"I mean, there's a difference between carving '4 Real' into his arm and the point he's got to now. He just doesn't feel like he's got any control."
Richey has previously cut himself and stubbed out cigarette butts on his arms. Is this situation anything like that?
"Yeah, but times 20," says Wire. "He's just a mess. F**king nutter, the boy is! He's always tried to push himself to the limit, whether he realises that or not. But he's reached the limit, and he's got to step back from it now."
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What sort of treatment is Richey receiving at the moment?
"He's getting all-round help, physical and psychiatric," Wire explains. "It's hard to tell how long it'll take. It's been three weeks now, and he's much more stable. I mean, he's not dribbling in the corner or anything like that!
"All I can do is go there as a friend and chat. We're doing the best we can. We've put him in the best place we could, given him as much support as we can, but it's a no-win situation. You either feel guilty about it, or do something and still end up feeling guilty.
"We were thinking about cancelling everything, but I talked to Richey about it and we felt it would've been a bit of a cop-out. I mean, we've got an album coming out at the end of the day. There's no point releasing it and then never doing anything else."
How about Reading?
Wire: "Richey's not doing Reading. He just doesn't want to do it. We don't particularly want to do it either, but I think so many tickets have already been sold, there's so many contractual obligations, etc. So, we'll do it and get it over with.
"When the British tour comes, if he's not ready for it, then I'm not sure whether we'll do that or not. As a three-piece it gets completely demoralising - it's just not the same. Besides being in the band, we've been friends for so long.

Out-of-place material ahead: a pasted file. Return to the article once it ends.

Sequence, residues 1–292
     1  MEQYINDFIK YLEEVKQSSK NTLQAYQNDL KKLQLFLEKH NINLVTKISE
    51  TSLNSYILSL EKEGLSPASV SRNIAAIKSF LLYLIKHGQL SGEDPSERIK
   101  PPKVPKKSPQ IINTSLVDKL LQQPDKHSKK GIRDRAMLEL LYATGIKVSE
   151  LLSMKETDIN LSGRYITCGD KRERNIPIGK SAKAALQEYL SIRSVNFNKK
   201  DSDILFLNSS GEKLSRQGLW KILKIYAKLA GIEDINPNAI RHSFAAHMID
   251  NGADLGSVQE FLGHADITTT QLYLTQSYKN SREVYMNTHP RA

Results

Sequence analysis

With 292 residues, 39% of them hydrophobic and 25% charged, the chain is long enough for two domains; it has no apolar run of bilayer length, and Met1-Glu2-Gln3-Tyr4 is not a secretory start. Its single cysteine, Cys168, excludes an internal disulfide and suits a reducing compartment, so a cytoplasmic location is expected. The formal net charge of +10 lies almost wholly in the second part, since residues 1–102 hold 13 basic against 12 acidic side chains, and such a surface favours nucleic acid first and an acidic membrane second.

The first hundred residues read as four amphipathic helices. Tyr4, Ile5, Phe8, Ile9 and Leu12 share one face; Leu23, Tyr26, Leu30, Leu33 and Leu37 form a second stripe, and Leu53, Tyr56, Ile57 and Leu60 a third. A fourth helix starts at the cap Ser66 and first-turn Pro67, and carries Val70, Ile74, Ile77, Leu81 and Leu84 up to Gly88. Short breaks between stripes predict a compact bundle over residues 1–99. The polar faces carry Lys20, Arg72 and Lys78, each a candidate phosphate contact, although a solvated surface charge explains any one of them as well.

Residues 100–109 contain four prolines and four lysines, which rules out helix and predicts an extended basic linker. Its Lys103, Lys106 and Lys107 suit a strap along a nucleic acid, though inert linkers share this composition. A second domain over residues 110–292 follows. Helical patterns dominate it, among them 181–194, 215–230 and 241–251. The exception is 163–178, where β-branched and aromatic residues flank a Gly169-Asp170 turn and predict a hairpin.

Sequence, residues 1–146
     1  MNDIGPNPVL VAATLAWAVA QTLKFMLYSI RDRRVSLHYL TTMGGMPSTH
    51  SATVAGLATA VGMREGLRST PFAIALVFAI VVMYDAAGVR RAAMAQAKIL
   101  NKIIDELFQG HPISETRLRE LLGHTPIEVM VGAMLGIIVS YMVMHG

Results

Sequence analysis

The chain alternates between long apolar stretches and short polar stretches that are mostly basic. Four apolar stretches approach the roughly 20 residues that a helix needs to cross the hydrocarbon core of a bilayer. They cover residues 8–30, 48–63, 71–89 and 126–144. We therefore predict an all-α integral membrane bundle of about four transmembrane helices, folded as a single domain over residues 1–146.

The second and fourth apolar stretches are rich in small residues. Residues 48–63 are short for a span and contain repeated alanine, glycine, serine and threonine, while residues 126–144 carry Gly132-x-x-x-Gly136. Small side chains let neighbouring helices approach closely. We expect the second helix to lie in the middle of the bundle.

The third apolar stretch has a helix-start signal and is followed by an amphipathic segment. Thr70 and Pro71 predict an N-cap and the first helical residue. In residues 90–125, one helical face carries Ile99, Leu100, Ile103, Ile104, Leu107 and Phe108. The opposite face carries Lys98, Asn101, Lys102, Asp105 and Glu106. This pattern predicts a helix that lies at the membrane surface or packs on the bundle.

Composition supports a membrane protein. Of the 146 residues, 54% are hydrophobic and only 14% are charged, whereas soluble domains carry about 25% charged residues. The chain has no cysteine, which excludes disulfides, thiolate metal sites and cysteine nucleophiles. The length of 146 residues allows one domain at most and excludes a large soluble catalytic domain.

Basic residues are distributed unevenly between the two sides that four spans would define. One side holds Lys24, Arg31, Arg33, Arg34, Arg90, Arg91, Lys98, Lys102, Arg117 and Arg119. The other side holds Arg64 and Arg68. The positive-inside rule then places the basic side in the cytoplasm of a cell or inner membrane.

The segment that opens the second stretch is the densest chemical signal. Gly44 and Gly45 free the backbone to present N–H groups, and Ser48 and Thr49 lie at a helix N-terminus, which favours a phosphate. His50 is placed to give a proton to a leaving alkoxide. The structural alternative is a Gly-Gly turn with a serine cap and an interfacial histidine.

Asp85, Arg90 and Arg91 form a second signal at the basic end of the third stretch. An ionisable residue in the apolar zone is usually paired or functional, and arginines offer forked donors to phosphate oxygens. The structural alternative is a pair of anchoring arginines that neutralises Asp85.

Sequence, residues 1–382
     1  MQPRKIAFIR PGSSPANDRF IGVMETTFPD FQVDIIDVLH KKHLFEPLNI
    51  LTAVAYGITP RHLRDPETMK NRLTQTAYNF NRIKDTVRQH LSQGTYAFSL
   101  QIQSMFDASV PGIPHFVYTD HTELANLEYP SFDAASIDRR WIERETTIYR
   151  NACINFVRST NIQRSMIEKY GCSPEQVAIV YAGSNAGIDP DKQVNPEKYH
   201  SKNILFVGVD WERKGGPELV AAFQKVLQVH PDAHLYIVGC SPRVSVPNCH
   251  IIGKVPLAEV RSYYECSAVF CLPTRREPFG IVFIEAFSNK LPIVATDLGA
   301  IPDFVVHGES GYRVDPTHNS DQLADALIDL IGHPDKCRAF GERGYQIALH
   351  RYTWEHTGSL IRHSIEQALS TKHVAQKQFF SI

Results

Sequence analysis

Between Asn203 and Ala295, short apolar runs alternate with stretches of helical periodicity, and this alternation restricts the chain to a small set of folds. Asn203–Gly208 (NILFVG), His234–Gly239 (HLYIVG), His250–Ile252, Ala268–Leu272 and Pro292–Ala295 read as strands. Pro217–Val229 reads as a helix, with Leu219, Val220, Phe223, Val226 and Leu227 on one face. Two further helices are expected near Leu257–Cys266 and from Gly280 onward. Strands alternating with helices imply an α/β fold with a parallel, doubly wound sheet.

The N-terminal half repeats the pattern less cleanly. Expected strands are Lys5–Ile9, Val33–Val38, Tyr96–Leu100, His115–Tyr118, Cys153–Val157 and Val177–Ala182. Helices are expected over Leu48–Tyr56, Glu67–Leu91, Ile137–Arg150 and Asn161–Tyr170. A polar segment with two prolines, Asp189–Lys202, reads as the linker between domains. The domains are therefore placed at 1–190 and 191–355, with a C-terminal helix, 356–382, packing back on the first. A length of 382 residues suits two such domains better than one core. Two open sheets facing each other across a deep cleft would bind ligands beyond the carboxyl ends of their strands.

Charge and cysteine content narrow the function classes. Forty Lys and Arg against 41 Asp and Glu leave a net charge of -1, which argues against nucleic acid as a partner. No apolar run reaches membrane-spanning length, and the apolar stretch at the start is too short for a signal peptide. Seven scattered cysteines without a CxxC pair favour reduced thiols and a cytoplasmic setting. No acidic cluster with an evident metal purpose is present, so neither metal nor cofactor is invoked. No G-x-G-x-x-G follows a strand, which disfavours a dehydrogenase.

"It'd seem like a betrayal. We're carrying on at the moment because we're hoping everything will be all right. Hopefully it will."
And if it isn't? If Richey decides that he's neither physically or mentally strong enough to be in the band for any length of time?
Bradfield: "If he doesn't think he can come back, then I'd have to seriously entertain whether I could carry on with the group. I haven't made any concrete decisions.
"The basic bottom line, though, is that I'm sure he is coming back. And in the end, the most important thing is his well-being as a friend."
Wire concludes: "I would never want him to kill himself over something like a band. We could say that we'd never continue without Richey, but if we did get the urge again, people will turn it round and throw it back in our faces. I would never feel like doing anything without Richey, that's all I will say.
"The worst thing about it would be if people think this is one of those things we're usually categorised for - a hype or an image. I can categorically say it's not that at all. I wish it was."
[Originally published: Kerrang!, 20 August 1994]